WASHINGTON (Reuters) - Two U.S. senators vowed on Wednesday not to interfere with a criminal probe of the Fort Hood shootings but said they must move ahead with their own hearing into the rampage.
Joe Lieberman, an independent who heads the Senate Homeland Security Committee, and the panel’s top Republican, Susan Collins, want to know if the U.S. military and law enforcement agencies missed warning signs.
The two said they also wanted to determine if authorities shared relevant information before shots rang out at the Army base in Texas on November 5, leaving 13 dead, dozens wounded and an Army major, Nidal Malik Hasan, a Muslim born in the United States to immigrant parents, charged with the massacre.
The Obama administration has briefed lawmakers about the shootings and signaled them to tread carefully in any inquiries of their own because it does not want to compromise criminal investigations by the FBI and Army.
Lieberman’s committee plans on Thursday to hold its first of likely several hearings on the shootings.
“I support those investigations, look forward to their outcomes, and have no intention of interfering with them,” Lieberman, flanked by Collins, told a news conference.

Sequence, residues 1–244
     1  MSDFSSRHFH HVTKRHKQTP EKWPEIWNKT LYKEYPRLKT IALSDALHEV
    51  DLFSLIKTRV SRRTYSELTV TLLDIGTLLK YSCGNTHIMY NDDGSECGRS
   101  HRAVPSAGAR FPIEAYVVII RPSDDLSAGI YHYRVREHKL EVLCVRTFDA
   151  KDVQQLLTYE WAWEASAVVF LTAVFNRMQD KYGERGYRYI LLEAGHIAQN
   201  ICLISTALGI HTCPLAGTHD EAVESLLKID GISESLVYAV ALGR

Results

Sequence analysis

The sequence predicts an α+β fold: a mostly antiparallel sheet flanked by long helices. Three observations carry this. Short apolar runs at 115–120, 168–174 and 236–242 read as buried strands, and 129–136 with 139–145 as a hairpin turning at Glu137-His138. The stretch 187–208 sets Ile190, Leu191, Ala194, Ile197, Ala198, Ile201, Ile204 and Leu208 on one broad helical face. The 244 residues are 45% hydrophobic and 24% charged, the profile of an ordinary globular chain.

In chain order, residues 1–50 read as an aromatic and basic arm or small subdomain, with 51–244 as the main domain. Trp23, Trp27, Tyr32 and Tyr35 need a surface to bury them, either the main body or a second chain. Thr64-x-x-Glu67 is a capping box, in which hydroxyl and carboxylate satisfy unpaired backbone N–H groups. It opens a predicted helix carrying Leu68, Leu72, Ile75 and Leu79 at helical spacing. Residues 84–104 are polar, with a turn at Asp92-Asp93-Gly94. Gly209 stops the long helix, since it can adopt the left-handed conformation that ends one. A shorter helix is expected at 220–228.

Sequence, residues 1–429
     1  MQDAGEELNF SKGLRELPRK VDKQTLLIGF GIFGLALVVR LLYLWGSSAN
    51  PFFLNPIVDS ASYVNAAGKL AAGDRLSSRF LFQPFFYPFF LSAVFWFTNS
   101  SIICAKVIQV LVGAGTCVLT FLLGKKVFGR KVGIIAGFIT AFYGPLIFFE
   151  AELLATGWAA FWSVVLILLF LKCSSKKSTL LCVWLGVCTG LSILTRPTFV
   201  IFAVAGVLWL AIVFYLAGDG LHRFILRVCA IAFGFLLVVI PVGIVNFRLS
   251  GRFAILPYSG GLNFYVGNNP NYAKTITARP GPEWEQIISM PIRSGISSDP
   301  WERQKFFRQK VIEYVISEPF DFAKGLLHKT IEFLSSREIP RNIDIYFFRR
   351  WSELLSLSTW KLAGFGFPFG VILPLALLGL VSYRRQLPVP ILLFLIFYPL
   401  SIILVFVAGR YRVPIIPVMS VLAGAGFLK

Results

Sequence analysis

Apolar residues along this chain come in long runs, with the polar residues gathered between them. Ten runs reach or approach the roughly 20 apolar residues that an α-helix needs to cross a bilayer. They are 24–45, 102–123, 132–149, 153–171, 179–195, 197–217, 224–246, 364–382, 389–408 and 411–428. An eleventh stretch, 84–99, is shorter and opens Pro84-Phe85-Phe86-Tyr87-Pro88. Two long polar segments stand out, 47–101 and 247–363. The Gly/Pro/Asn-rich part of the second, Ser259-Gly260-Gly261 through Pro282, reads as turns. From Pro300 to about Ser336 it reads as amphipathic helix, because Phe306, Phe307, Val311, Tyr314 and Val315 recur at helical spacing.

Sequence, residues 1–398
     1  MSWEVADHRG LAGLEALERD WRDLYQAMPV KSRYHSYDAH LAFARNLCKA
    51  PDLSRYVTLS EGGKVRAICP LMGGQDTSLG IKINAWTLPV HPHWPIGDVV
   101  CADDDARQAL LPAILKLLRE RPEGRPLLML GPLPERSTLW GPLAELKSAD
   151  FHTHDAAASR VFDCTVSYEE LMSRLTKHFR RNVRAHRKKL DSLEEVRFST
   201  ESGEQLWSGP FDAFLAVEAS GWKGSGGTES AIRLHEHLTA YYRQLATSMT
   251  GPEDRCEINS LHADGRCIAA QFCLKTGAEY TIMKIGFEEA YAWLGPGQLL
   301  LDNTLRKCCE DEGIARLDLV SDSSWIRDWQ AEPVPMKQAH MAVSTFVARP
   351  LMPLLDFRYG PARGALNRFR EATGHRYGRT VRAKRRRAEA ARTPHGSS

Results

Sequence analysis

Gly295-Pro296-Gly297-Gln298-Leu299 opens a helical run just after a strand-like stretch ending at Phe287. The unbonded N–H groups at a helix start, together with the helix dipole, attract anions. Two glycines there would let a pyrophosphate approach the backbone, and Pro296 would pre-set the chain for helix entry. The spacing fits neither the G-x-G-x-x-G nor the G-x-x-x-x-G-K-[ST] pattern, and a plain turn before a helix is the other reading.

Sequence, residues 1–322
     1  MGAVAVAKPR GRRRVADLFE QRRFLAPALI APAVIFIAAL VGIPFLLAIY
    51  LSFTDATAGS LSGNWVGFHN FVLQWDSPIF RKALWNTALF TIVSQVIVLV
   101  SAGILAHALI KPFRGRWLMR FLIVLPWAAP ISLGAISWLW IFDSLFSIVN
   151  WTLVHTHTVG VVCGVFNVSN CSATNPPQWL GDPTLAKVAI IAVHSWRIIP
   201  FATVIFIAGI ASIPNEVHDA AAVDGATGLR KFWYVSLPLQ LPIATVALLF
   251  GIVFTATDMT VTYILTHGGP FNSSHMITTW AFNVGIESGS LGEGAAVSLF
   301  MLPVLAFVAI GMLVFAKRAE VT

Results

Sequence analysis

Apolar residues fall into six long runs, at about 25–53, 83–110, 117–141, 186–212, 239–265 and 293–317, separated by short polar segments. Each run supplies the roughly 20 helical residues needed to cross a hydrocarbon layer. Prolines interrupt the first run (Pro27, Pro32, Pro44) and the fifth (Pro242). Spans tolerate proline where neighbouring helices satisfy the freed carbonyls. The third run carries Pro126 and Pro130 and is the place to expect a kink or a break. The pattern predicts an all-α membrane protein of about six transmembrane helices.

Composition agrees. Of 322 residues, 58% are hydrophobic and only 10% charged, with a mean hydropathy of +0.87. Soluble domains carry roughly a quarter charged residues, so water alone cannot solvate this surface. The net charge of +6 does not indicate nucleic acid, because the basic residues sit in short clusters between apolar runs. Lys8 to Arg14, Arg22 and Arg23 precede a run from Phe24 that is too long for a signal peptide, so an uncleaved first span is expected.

“But that does not mean that the rest of us, including the Senate Committee on Homeland Security, can just sit back and watch,” Lieberman said.
The senator said his committee had a responsibility “to determine whether the federal government could have prevented the murders at Fort Hood.”
Hasan had sent e-mails last year and this year to a radical Muslim cleric in Yemen, U.S. officials have said. Intelligence agencies discovered the messages, but joint terrorism task forces determined they did not warrant further action.
The New York Times quoted an unidentified congressional official on Wednesday as saying the messages “were not overtly aggressive,” but “should have raised flags.”
Lieberman said that based on information publicly available, he believed the shootings amounted to “the most destructive terrorist attack on America since September 11, 2001.”
U.S. Attorney General Eric Holder, testifying before the Senate Judiciary Committee on Wednesday, said President Barack Obama had given federal authorities until the end of the month to come up with some findings from their investigation.
“That’s an indication of how serious we take this and how quickly we want to get to the bottom of it,” Holder said.
Additional reporting by Steve Holland and Jeremy Pelofsky; Editing by Peter Cooney